Thanks again for mentioning this!

  3. January 18, 2009 am31 6:57 am 6:57 am

    Just finished watching through every episode of DS9, in order. It’s much better than I remembered because I originally saw the episodes more or less at random. There’s a lot of continuity and sneaky tricks like minor characters blossoming into major characters — things you don’t catch watching episodically. And unlike certain current TV shows with continuity, everything falls together by the end in a logical fashion.

    • January 18, 2009 am31 10:27 am 10:27 am

      Did you start before the carnival was published? Are you kidding? Sisko was the most overacted Captain since Kirk, especially the first season. Although Munroe should have dropped a reference to the Jem Hadar for the current comic…

      Damn, I think I watched more of the stuff than I should admit.

  4. January 18, 2009 pm31 5:07 pm 5:07 pm

    I love how you set up this Carnival! And it’s sad that I put actual time into thinking, “I’m glad he didn’t put us in ______’s section” and “But wouldn’t it have been cool to be in _______’s section.”

    I’m also going to admit that it wasn’t until you made the 360 and TwoPi comment that I realized that THAT was why TwoPi chose his username. It had never, not once, occurred to me.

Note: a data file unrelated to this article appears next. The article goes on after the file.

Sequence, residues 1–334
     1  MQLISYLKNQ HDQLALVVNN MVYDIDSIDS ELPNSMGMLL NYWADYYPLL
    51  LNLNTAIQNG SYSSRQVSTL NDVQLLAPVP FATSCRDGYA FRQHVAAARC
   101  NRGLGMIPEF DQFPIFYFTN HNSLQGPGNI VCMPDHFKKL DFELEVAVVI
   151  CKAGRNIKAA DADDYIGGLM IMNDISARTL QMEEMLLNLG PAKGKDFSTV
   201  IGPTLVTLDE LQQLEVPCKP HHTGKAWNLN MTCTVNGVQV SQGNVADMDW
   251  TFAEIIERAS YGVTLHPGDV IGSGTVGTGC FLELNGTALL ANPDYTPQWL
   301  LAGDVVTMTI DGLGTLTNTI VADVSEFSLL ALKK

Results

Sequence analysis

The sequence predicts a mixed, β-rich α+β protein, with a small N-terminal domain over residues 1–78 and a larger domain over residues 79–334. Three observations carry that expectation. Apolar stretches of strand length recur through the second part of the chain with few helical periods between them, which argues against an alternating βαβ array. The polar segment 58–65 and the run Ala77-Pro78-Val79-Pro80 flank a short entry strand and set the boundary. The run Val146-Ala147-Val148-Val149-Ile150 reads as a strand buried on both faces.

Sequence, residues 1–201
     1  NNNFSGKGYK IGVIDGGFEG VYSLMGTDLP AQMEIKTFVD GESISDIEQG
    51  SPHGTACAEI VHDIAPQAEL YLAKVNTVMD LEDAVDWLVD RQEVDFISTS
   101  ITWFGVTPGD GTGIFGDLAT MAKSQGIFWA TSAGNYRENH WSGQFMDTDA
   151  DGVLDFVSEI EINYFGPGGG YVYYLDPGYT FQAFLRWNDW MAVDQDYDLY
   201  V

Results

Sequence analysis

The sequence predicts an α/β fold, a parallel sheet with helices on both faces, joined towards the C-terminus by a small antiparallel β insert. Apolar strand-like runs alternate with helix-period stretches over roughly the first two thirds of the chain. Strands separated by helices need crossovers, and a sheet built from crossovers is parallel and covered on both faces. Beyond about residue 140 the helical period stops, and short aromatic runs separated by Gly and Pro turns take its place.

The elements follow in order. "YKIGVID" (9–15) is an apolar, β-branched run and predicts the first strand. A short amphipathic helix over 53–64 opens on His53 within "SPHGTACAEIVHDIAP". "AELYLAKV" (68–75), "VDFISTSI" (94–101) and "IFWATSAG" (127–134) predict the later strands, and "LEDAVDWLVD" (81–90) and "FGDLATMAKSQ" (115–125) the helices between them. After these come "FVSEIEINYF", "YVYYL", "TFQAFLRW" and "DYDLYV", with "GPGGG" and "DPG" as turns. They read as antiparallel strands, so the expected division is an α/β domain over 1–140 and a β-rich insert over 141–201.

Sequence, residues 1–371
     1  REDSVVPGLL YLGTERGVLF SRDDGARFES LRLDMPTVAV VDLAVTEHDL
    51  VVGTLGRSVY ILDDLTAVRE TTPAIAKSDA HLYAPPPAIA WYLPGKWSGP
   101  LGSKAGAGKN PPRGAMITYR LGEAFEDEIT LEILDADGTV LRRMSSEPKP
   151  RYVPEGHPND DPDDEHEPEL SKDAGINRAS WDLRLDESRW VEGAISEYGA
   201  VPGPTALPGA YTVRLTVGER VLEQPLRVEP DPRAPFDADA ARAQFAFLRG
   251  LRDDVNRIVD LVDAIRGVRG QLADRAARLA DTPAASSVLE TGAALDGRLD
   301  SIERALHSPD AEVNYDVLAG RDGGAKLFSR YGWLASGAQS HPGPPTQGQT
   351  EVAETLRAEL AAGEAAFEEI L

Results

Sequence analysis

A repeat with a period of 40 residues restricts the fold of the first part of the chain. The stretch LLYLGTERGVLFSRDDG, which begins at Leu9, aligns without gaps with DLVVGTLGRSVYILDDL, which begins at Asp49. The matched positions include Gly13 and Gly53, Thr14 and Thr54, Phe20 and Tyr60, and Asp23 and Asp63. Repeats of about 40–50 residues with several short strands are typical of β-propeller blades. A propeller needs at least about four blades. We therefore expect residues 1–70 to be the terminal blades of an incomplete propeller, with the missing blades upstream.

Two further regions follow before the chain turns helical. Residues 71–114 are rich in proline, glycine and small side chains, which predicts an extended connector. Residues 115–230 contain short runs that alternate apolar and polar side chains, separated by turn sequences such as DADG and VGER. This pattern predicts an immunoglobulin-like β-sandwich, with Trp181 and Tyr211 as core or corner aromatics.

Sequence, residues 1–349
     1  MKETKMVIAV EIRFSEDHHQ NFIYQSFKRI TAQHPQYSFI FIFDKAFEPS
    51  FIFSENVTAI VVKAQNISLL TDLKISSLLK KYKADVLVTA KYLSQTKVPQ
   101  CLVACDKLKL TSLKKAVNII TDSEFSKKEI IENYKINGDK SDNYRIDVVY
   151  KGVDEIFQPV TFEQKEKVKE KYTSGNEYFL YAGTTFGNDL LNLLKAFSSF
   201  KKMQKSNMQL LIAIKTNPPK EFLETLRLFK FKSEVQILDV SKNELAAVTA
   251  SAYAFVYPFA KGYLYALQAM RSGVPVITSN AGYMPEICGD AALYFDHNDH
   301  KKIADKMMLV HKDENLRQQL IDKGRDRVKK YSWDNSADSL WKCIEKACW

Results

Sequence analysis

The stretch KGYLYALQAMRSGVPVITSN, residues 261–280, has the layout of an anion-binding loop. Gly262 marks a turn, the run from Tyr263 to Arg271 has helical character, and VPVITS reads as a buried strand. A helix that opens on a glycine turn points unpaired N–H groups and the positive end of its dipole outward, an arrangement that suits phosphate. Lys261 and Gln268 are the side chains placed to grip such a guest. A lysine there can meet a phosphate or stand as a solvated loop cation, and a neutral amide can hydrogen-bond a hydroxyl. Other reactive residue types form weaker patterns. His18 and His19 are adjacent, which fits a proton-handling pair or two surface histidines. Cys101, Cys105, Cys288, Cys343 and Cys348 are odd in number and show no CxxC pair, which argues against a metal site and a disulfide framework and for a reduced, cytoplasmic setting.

5. January 19, 2009 am31 6:21 am 6:21 am

    Took about six months of viewing.

    I agree 1st season was inadqueate.

    Captain’s acting didn’t bother me.

  6. January 19, 2009 pm31 10:09 pm 10:09 pm

    Thanks for the link. I’m currently experiencing some problems with the images which were uploaded in the last few days. It could be that I’m getting extra hits or it could be a problem with Geocities. In either case, the backup site to see the images is

    All are welcome to drop by and comment.

  7. January 20, 2009 am31 3:20 am 3:20 am

    And I thought you’d pulled the image. Sorry, and thank you for dropping by. I’m glad I discovered your work, lots of fun!

  8. January 20, 2009 am31 4:00 am 4:00 am

    Thanks. I don’t think it had anything to do with your site. Just a co-incidence. I had to upload those images again, so the problem had to be with

    Everything seems to be back to normal now.